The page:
Summer school offers students college credit, job shadowing

Darin Powell
By Herald-Whig
Posted: May. 18, 2017 10:25 am

HANNIBAL, Mo. -- With the school year winding down, Hannibal educators have summer school on their radar.

Students in kindergarten through 12th grades will have the opportunity to receive extra help on subjects tough to master during the school year, get classes out of the way, learn more about the science, mathematics and art fields or take college classes for dual high school credit starting June 5.

"This year, we have an increase of about 150 students in summer school," Assistant Superintendant Darin Powell said Wednesday at the Hannibal School Board meeting, bringing the number of students enrolled to more than 500.

New this summer is STEAM -- science, technology, engineering, arts and math -- education for children in kindergarten through eighth grade. The STEAM summer camp aims to generate student interest in these fields.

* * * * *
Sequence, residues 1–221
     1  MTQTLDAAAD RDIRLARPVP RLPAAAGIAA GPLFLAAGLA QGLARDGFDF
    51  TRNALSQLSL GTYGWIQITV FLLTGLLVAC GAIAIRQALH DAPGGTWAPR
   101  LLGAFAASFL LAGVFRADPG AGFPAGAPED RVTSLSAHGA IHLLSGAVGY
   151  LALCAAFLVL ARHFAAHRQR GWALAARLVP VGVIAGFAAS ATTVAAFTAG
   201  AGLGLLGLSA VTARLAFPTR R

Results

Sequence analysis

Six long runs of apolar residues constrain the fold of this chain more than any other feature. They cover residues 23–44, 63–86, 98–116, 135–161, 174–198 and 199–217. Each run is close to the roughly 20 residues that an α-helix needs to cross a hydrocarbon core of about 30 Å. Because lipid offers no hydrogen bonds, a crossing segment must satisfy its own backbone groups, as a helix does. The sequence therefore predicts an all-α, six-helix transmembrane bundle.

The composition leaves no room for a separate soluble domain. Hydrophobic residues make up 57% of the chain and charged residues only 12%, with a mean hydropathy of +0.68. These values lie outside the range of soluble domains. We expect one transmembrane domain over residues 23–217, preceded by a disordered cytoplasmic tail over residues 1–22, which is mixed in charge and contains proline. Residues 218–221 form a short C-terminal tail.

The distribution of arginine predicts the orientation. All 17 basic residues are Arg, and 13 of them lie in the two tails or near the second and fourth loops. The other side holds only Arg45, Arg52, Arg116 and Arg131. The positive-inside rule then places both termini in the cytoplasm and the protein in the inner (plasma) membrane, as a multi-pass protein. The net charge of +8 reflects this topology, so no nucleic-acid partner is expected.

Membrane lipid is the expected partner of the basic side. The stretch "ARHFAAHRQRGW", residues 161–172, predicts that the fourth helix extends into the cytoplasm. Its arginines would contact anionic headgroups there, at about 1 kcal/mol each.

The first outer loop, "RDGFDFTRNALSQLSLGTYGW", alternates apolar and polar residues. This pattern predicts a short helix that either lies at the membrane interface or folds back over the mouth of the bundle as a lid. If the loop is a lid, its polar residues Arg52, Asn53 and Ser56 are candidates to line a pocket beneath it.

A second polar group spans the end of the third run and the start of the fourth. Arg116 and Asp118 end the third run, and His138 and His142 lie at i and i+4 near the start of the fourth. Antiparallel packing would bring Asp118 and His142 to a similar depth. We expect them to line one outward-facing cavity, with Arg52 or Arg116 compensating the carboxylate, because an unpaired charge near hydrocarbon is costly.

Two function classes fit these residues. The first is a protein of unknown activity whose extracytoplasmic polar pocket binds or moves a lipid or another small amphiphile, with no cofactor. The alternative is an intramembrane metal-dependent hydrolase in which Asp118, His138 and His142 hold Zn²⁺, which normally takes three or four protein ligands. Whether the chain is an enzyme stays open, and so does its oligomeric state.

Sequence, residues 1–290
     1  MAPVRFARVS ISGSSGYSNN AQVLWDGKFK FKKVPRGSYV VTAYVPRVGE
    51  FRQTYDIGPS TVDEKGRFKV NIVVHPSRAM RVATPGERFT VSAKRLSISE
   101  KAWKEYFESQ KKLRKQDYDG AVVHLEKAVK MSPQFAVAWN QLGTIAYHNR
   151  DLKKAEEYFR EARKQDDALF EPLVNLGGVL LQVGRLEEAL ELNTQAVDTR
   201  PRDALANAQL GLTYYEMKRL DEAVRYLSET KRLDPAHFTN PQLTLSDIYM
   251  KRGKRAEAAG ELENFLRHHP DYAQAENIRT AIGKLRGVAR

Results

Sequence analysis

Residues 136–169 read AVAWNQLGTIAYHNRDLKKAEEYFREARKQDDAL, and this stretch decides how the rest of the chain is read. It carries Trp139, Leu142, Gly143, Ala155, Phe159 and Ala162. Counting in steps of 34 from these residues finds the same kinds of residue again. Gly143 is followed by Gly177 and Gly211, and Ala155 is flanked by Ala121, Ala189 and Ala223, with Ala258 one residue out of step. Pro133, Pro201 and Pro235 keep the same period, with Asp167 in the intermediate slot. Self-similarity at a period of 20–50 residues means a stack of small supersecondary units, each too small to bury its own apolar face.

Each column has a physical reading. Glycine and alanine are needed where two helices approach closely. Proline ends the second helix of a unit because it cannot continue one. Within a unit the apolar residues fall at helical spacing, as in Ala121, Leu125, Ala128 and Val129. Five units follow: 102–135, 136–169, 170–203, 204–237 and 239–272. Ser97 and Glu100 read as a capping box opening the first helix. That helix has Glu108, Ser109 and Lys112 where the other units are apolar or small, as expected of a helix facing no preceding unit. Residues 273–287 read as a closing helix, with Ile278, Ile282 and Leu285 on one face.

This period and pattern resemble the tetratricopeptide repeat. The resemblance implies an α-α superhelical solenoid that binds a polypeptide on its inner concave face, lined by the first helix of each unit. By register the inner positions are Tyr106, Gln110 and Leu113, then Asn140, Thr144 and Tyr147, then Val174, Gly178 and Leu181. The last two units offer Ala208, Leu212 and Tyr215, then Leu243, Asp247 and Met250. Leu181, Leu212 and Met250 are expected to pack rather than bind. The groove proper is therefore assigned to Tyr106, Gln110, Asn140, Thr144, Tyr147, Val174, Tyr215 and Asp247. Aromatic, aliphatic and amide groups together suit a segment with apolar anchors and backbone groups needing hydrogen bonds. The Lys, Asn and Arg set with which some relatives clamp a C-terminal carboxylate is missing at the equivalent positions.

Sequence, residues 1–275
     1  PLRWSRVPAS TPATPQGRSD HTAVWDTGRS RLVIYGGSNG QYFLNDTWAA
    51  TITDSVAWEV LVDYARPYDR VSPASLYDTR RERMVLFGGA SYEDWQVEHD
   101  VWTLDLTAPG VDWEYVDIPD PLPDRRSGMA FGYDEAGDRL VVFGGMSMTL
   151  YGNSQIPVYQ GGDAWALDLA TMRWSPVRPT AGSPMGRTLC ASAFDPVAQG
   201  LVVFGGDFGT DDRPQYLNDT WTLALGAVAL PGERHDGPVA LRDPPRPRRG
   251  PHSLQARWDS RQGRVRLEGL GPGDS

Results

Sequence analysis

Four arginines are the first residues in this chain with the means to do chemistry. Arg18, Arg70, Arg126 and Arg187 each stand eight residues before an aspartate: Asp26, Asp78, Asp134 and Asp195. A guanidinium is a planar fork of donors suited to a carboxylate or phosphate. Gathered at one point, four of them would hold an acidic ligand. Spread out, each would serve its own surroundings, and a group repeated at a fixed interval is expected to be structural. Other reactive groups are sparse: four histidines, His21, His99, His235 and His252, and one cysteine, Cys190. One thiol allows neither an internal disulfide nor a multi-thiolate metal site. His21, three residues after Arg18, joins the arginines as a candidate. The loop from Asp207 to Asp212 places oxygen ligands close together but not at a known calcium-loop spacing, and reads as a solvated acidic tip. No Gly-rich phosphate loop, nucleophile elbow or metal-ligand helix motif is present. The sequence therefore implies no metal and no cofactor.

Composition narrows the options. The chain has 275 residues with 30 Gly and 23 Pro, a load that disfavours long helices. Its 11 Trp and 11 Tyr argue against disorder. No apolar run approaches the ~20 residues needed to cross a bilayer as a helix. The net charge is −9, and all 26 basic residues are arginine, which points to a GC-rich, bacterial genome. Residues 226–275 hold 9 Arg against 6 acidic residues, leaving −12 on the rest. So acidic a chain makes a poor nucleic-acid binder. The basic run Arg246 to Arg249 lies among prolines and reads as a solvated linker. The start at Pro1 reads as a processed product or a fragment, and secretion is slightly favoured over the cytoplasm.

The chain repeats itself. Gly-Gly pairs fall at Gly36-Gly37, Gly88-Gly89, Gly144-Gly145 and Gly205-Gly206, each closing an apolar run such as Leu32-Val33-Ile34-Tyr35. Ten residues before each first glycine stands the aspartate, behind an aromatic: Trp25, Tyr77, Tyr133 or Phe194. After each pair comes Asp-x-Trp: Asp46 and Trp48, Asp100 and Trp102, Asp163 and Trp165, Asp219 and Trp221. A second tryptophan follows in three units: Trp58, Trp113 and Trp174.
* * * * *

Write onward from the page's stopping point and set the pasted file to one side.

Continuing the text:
A recent U.S. Department of Education report noted that the number of STEAM jobs in the U.S. will grow by 14 percent from 2010 to 2020, and other reports show that STEAM openings are some of the most difficult to fill because fewer people study in those disciplines.

"We're seeing that the middle school STEAM camp is drawing in students," Powell said.

He said another new aspect of summer school this year is the opportunity for high school students to take college classes for dual credit through Hannibal-LaGrange University and Moberly Area Community College.

"We have 28 students getting dual credit this summer, and hopefully by the time some get to college, they can enter as sophomores," Powell said. The deadline to sign up for dual credit classes was in early May, but Powell said the school still is allowing people to enroll.

He also said summer school will allow older students to complete required classes so they then can sign up for more elective courses that interest them. Older students also can shadow people in fields or jobs they are interested in studying while in college and earn credit for that, too.

Powell stressed the various summer school offerings are meant to help prepare students for the next stage of their education, whether that be college or building interest in a particular field.

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